Mining companies in BC bringing in Chinese workers to work at half the wages that would be applicable to Canadians. By offering such wages there were no local applicants so by the rules regarding TFW boom the Chinese were able to bring in some home grown labour.
            Is that enough for you?
            Notice I didn’t even broach the idea that a totalitarian regime has been given the freedom to purchase companies here while no such reverse arrangement exists; so a one way deal could be construed as selling at rock bottom prices because no matter how much you put up to do the reverse it won’t happen. Also given the fact that so many top companies in Asia are State owned corporations and that state is China; then those powerful companies that are able to parlay the power of the state as part of their negotiating practice and are not really going to accept anything other than a price that suits them. That means it won’t suit us, well it might suit Harper but it won’t be what’s best for us.
            As an after thought, the fact that the only play in Harper’s books is natural resources and the only real players for them are Chinese State firms who have 1 billion guaranteed customers, do you think he has any option but to sell us out? After all when it’s a buyers market then shouldn’t the seller expect to be ripped off? And guess who put all their eggs in one basket?

          • God, what deranged drivel. The CNOOC deal, for example, was negotiated at arm’s length. There was no compulsion or coercion being forced on the target company mangement or shareholders to accept the deal. They were totally free to accept it or reject it, and the fact of the matter is that in Canada, target company directors and management are under statutory and common law fiduciary duties to sell at an acceptable price, and certainly at a healthy takeover/control premium. If you can’t understand that, then go take a basic course in commerce or commercial law. I’ll chalk your post up to that fascinating phenomenon known as “progressive xenophobia.”

          • So nothing on Mining companies and TFW? Fair enough.
            Nothing about FIPPA and the sweetheart deal for China.
            Disliking doing business with a human rights abusing, torturing totalitarian regime and bending over backwards to accommodate them in order to make he USA budge on pipeline policy is not xenophobia, but sucking up to them because they will underpin your entire economic programme is definitely “Conservative Treason;” not to mention it enables totalitarianism. Giving succour to such a regime and Harper arriving back in Canada waving bits of paper reminded me of one N Chamberlain; except the words were different – “Free trade agreement in our time.”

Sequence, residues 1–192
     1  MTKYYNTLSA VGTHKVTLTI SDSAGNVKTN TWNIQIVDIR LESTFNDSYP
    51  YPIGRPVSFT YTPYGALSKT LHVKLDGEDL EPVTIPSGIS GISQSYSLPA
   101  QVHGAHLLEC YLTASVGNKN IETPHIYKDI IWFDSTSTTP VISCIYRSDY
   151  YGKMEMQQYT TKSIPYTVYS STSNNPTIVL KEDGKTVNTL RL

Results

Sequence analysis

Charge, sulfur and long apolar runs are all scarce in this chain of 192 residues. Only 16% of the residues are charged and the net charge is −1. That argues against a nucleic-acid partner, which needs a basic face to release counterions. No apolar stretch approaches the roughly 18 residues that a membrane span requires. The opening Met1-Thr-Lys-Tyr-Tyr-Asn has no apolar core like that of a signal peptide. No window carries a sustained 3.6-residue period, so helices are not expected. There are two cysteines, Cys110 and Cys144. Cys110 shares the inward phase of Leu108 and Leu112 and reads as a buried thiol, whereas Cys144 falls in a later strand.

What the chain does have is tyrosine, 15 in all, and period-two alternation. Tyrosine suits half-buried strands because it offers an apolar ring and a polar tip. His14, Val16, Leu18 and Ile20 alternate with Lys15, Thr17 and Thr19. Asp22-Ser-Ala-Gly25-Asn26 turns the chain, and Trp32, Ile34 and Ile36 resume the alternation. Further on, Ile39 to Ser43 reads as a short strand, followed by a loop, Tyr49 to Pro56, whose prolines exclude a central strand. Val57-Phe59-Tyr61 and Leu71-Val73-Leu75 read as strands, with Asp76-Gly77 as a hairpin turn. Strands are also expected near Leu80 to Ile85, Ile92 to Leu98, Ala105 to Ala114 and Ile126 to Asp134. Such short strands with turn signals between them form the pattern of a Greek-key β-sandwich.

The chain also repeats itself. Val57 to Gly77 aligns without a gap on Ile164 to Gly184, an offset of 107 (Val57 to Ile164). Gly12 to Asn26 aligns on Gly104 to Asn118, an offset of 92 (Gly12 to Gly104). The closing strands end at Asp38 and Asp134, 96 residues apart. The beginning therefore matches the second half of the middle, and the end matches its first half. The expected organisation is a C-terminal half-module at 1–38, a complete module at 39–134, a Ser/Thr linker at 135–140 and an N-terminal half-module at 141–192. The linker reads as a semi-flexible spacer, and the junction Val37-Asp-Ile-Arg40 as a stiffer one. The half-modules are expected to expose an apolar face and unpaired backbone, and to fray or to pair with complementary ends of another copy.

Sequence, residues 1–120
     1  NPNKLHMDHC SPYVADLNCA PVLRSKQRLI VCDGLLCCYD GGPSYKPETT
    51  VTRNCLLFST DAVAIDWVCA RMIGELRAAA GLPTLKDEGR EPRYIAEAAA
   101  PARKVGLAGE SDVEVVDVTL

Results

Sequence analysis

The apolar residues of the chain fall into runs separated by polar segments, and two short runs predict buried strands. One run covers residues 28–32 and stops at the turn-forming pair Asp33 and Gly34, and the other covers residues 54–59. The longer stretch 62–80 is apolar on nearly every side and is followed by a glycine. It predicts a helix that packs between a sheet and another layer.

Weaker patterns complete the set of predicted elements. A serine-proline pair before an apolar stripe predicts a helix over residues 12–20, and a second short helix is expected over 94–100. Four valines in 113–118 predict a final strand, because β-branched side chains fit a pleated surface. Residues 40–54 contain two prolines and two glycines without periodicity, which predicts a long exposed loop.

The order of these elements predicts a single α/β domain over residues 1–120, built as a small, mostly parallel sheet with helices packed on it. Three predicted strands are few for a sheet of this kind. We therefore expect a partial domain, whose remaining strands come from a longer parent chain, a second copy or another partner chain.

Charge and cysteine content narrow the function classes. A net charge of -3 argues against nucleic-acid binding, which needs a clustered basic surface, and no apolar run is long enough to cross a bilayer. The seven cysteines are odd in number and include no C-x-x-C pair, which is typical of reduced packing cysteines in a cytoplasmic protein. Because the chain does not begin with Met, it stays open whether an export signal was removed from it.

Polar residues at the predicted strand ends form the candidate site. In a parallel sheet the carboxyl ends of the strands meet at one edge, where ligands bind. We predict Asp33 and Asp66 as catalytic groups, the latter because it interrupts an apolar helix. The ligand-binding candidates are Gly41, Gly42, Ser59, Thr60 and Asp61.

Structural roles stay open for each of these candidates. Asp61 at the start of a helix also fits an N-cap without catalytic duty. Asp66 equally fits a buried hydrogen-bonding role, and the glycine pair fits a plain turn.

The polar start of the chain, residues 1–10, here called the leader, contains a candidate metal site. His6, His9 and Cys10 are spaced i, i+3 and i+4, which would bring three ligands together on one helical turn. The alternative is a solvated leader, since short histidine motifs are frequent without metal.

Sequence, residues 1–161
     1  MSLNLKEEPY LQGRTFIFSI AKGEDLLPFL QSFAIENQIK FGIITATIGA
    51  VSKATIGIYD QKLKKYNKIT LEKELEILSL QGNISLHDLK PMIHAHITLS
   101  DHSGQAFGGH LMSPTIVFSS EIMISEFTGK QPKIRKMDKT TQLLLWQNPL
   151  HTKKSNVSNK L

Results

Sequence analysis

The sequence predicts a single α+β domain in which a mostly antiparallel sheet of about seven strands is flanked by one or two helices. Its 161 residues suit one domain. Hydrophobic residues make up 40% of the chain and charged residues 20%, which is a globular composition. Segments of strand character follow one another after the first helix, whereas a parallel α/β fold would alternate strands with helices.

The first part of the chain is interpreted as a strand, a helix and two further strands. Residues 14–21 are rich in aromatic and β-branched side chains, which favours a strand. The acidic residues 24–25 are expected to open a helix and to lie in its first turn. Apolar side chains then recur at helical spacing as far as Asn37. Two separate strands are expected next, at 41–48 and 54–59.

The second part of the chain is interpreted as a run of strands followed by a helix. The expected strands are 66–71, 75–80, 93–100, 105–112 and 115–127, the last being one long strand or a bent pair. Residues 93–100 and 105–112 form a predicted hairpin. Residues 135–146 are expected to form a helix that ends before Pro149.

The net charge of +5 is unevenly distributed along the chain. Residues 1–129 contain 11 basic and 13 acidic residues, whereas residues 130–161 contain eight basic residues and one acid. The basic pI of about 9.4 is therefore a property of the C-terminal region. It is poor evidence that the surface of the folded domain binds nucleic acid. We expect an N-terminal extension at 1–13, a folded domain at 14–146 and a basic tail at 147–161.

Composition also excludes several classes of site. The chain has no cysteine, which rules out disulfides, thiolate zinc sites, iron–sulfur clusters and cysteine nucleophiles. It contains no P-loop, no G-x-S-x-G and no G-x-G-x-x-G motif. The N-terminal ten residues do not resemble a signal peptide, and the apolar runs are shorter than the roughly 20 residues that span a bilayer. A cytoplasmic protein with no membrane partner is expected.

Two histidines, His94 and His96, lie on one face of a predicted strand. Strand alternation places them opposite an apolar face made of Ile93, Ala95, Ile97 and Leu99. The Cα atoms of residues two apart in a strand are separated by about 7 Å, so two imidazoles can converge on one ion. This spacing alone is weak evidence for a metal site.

So no matter how you try to spin this, Harper cheaply sold our resources and some of the jobs involved in extracting them to China , a terrible, despotic regime all in the name of his own economic policy. He also gave China a legal foothold here, while failing to negotiate a quid pro quo because he desperately needed to seal the deal, no matter what the future cost is to us.

            I’m not a xenophobe or racist for noting that business and Conservatives love their dictators and are prepared to over look human suffering if it will result in an extra penny on the dollar. I’m also not afraid to call them out on it despite the spittle flecked bluster and abuse one gets in return.

          • Harper took a strong stance against Chinese human rights abuses when he first became PM.

            And now he wants to emulate them.

          • Yes, if you bemoan the fact that you’re having trouble accomplishing your goals, it means that you long to become a dictator.

      • Ah taking responsibility for the consequences of your actions used to be part of the Conservative mantra, not so much any more I see.

        • The “consequences” of the PM’s actions are that the taxpayer hasn’t lost a dime, and a handful of crooked Senator’s are out of a job. Oh the humanity!!!!!

          • Are you testing a new talking point?

          • So I rob a bank.
            Wait until I’m caught.
            Pay back the bank.
            Boom it’s all good hey?

            How much tax payer’s cash has been spent trying to sort out this mess that is entirely of the PM’s own making? And how much more will be spent investigating attempts to bribe a Senator and the cover ups surrounding it?

          • 3.1 Billion?

    • I sure wish their was a ” Deep Throat ” around to get to the bottom of this PMO scandal. if not, will the C B C please commission the ” Fifth Estate “.